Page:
3. Deceptive Conduct: Deceptive conduct is similar to fraudulent conduct, but is not necessarily as deliberate. It may include omitting material facts, not providing the full story, or otherwise withholding important information or data from consumers, employees, or the public. 

What Should a Whistleblower Do if They Discover a Whistleblower Act?

If you have discovered illegal, fraudulent, or deceptive conduct in your workplace, the proper  thing to do is to report that misconduct. Here are some steps you can take to report a whistleblower act:

  1. Make sure there is reasonable cause to believe the claims of misconduct. Whistleblowers must make claims in good faith and have reasonable cause to qualify for protection. Do you have specific evidence of the misconduct? Is this supported by evidence and/or witnesses?
  2. Formally report the misconduct in writing to your supervisor and manager. If your employer has a whistleblower policy in place that dictates who to report complaints to internally, report to that authorized individual. Reporting internally gives the company a chance to correct any misconduct. Make sure this report is in writing—making a complaint orally is not enough. Many companies have anonymous reporting avenues which help promote full disclosure without repercussion
  3. If an internal report does not result in correction of the misconduct, consider filing a formal whistleblower complaint with the appropriate state or federal agency. For example, employees can report labor code violations to the California Labor Commissioner. Seek legal advice from an experienced whistleblower attorney to learn where you should file. 
  4. Document everything! Keep copies of emails and other documents relating to the whistleblower act. Also be sure to document the ways supervisors or managers react to the whistleblower report; were you demoted, denied a promotion, fired, or otherwise disciplined shortly after filing the report? Were you intimidated, ostracized, or otherwise harassed for making the complaint? All of these actions are considered whistleblower retaliation and are illegal under California law.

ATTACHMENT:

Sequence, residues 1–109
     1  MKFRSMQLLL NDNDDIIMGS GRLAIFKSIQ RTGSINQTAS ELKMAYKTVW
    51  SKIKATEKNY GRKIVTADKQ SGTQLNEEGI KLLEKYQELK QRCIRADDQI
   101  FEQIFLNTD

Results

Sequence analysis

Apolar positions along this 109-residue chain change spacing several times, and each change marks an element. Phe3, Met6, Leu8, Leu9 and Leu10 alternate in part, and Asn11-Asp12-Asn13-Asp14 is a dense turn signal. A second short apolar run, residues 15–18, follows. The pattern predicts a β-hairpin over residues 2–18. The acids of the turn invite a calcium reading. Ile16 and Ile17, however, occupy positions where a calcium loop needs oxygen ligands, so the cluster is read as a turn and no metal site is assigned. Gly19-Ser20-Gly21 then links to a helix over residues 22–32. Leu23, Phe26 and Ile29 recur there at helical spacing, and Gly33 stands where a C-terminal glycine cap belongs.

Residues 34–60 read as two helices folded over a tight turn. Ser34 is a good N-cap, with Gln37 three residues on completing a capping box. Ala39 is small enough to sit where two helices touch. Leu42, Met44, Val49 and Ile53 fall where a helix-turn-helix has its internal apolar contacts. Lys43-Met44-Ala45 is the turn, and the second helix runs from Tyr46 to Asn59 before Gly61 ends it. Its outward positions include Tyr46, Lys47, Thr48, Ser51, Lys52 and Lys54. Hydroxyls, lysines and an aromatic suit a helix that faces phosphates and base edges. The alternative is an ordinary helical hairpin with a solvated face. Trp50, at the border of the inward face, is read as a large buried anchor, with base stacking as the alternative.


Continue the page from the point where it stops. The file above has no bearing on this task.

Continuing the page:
5. Be vigilant and don’t rely solely on the system to handle the complaint and take corrective action. With the COVID-19 pandemic, the system for processing whistleblower reports is backlogged more than ever. Your report may not get the attention it needs because the system is slow and officials are busy with other matters or perhaps don’t recognize the urgency and importance of your report. 

Continue to work with the business or your employer to reform their conduct after making the initial whistleblower complaint. If the company ignores the problem, continue to complain in writing and make a case for corrective action. 

  1. Consult with an employment lawyer. An experienced attorney can help you navigate whistleblower laws and defend your rights if the employer retaliates in any way. 

Which Laws Protect Whistleblowers in California?